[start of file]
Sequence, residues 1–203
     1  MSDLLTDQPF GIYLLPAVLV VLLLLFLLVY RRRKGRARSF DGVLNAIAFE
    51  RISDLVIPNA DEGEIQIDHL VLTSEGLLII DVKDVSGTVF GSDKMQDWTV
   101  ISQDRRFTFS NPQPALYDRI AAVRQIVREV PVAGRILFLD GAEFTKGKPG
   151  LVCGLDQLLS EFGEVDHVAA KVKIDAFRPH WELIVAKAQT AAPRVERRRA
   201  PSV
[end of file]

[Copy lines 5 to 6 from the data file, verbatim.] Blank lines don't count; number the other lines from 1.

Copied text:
   151  LVCGLDQLLS EFGEVDHVAA KVKIDAFRPH WELIVAKAQT AAPRVERRRA
   201  PSV